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Fundamental review of the trading book

The first Basel Committee publication of 2016 was the highly anticipated BCBS 352, minimum capital requirements for market risk. Due for implementation in 2019, the regulation aims to tighten the loopholes of the current Basel 2.5 regime and ensure that banks are able to withstand any potential market crash.

The new revised framework

In the wake of the 2008 financial crisis, the Basel Committee decided to implement Basel 2.5 as a short-term response in order to strengthen Market Risk capital base. The Fundamental Review of the Trading Book (FRTB) aims to be the long term solution to Market Risk by  addressing the persisting issues and allow supervisory authorities to better compare institutions: predominantly the boundary between the banking and trading book being too lenient and the internal model approach being inconsistent. Furthermore, the standardised approach is not risk sensitive enough to constitute a credible alternative to the internal models introduced by the banks themselves.

The Fundamental Review of the Trading Book (FRTB) imposes the most stringent capital requirements of any regulation to date, and will involve significant required challenges for the Risk department, and the trading activity of banks. The FRTB amends the existing Basel market risk rules in the following areas:

  • Increasing controls on the boundary between the banking book and trading book
  • Removing Value-at-Risk in favour of Expected Shortfall
  • Strengthening the relationship between the standardised and internal models approach

The key theme of the review is to safeguard against banks “window-dressing” their regulatory reporting and ensure that firms have in place sufficient risk management practices to verify their intraday exposures are never excessive. If banks fail to meet the capital requirements at any point, the national regulator can force banks to take remedial action.

Although the impact on overall capital levels across the economy is not yet clear, and is subject to final calibration, it is likely to lead to punitive capital increases in certain business lines, and will potentially cause some key markets, such as the trading of securitised products, to become uneconomic. Certain credit products could see capital requirements increase by up to six times, while a sovereign downgrade could increase capital charges by 73%. This could lead to lower liquidity and increased financing costs for borrowers, please see the full version of this article.

Challenges faced in the implementation

Prior to implementing a target framework, the main task will be to calculate existing capital at desk level, as the removal of compensation between trading desks will require a major culture and computational change for banks. Banks will now have to revise their risk measures and tools to ensure they are able to collate the correct data at the appropriate granularity. At present, most Risk departments are organised at group level, utilising data which has been collated centrally; however, due to the new rules there will be at least six sub-trading books, which will all require their own risk reporting. Banks will have to consider how they restructure their data architecture to enable reporting at source level.

Due to the removal of compensation between desks, it may no longer be profitable under the revised capital requirements to continue with all existing trading activities. Banks will have to conduct a review of their current undertakings and may find they have to merge certain desks or cease some of their trading activities as they are no longer profitable.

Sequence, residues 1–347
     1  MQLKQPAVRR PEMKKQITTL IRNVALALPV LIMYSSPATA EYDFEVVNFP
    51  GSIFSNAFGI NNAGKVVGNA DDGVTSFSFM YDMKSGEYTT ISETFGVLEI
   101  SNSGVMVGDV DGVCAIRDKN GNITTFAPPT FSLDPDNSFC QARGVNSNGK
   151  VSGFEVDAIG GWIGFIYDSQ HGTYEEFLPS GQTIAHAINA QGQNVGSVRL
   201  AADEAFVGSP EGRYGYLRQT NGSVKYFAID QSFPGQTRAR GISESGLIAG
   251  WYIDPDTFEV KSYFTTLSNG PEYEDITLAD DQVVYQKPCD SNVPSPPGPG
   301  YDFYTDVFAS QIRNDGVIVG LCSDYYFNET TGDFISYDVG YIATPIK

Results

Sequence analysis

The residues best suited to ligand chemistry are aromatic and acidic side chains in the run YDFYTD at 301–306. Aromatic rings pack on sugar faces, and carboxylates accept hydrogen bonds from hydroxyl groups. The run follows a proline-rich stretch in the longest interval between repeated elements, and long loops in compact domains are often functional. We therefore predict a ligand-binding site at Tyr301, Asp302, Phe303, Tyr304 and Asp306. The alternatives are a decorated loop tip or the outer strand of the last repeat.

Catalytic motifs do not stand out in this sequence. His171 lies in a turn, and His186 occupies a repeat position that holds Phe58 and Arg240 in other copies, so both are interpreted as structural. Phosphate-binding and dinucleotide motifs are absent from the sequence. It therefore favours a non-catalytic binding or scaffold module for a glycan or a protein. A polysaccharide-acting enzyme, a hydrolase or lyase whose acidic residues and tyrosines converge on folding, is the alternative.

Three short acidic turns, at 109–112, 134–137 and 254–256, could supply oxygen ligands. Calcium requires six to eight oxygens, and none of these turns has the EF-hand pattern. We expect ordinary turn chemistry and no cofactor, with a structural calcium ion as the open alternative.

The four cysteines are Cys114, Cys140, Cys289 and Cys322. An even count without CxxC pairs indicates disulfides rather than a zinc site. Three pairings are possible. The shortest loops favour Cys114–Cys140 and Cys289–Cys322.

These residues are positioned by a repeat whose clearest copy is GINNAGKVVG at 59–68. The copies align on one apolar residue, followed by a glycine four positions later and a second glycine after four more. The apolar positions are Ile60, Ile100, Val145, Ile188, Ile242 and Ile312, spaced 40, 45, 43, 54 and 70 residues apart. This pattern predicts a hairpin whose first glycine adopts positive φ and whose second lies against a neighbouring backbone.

Distributing new business between trading and banking books requires a comprehensive audit trail capability – all new trading book business will impact the risk profile of the overall book. The audit trail will need to take into account the volume of trades and more widely the number of books involved. Furthermore, it is essential to understand the component risk elements on a historical basis – this also applies to the diversification requirement.

Banks will have to demonstrate adequate internal controls for each of their trading books. This will require firms to put in place a management structure to overseas activities around each trading book. Moreover, this will include actively managing the risk on portfolios with multiple liquidity horizons – this will be particularly challenging due to the complexity of the calculation and the lack of data to input, making consistency difficult to maintain across multiple liquidity horizons.


The complexity of the new rules are such that there is likely to be a complete review of the Risk organisation within many banks, in order to ensure compliance to the increased multitude of reporting calculations. In conjunction with this, banks will review their trading strategies to verify that each trading desk will remain independently profitable in the medium-to-long term. 

Sia Partners

Please find here the full version of the article for further reading. 




Copyright © 2016 Sia Partners. Any use of this material without specific permission of Sia Partners is strictly prohibited.

  • Key Takeaways

    • Due to for implementation in January 2019, BCBS 352 stipulates the new minimum capital requirements for banks
    • The regulation aims to increase controls between the banking book and the trading book and will replace the existing VaR calculation with an Expected Shortfall
    • In addition the standardised approach will now be mandatory for all banks to report, creating a new capital floor
    • Supervisory authorities will now require reporting on an intra-day basis at desk level; this will pose significant operational challenges for banks and will lead to a review of the Risk organisation
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